Real Mechanical Rates Have Declined with Inflation Increases Due to #FrozenMechanicals

If you follow economics, you probably have heard the expressions “real wages” or “nominal wages” or “real” versus “nominal” wages. This isn’t a Cartesian metaphysical discussion–it’s about the effect of inflation on what they tell you you’re getting paid. Nowhere is this truer than with the statutory mechanical royalty rate. The rate will inevitably decline over time due to the rot and decay of inflation. Inflation is like having a cavity in your tooth that you don’t fix. It doesn’t go away. It may not hurt yet but it’s going to.

The effects of inflation are hardly a secret. Because of the effect of inflation on interest rates set by the Federal Reserve (who is charged with keeping inflation under control), vast numbers of people around the world keep watch on U.S. inflation rates as well as inflation rates in other countries.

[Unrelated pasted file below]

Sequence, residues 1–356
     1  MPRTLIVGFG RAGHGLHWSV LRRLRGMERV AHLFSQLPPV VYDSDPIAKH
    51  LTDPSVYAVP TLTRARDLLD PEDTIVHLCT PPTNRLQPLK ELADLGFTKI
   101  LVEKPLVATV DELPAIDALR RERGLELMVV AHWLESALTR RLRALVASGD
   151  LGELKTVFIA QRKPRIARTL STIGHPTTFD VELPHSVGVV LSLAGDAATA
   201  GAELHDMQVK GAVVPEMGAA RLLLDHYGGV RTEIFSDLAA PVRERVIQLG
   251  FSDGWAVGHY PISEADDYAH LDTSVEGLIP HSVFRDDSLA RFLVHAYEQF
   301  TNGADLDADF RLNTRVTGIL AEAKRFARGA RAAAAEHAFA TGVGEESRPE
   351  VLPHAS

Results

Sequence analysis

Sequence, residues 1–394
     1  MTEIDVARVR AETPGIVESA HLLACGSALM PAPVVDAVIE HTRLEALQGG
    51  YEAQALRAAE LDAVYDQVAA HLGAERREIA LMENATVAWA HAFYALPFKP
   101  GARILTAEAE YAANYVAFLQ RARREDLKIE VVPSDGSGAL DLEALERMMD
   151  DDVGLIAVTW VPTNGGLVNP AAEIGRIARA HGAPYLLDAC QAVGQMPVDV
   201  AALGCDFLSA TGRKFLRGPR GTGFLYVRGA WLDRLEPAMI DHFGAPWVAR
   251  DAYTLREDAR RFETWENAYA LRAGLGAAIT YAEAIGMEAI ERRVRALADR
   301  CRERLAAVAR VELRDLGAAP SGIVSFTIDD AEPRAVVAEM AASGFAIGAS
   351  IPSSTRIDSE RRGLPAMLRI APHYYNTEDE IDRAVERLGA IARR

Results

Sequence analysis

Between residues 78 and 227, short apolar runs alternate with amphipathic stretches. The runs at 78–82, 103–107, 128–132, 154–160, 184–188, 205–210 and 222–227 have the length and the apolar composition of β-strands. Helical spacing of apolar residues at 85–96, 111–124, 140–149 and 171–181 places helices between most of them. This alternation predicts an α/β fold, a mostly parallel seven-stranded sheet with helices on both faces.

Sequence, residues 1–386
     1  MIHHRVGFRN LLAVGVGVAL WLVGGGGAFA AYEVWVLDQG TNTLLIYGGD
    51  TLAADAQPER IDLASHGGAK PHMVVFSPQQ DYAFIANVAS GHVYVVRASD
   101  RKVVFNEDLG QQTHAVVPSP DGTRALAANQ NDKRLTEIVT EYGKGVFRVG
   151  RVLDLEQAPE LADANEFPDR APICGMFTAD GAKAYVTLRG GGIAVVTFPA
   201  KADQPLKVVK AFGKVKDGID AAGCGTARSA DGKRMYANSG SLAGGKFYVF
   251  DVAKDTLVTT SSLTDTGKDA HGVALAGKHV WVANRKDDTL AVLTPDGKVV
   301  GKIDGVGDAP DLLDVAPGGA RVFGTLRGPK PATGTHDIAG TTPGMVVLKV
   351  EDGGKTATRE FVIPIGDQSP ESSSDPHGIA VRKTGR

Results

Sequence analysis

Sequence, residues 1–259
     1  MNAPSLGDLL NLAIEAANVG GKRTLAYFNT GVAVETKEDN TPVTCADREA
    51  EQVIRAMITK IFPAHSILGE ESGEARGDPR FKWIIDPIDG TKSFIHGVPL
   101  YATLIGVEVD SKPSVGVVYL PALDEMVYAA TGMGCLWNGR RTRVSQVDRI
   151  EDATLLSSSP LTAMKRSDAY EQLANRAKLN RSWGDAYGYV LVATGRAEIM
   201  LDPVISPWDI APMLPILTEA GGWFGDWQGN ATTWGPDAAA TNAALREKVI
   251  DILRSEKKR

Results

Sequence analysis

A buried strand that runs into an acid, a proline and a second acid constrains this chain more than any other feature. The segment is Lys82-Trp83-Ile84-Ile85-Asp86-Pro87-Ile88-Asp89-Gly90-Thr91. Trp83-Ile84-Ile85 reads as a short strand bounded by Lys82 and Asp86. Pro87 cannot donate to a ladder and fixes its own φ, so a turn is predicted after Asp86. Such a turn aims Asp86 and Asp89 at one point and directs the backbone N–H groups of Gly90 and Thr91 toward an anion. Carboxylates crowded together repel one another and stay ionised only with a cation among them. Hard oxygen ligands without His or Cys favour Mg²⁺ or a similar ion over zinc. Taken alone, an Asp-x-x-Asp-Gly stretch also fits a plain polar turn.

US Inflation Rate Over Past 5 Years

For example, an hourly worker might be paid $12 an hour by her employer. That’s her “nominal wage” or “money wage.” But the issue is not what the worker is told they are getting paid, it’s what the worker can buy with her wages. What her nominal wage buys her is her “real wage” or her nominal wage adjusted by inflation during the same time period. Real wages are always less than nominal wages. This is why workers commonly get annual cost of living adjustments to nominal wages that increase their nominal wages based on inflation in addition to nominal performance-based increases. The same is true of entitlement payments like Social Security which just announced its biggest inflation adjustment in many years.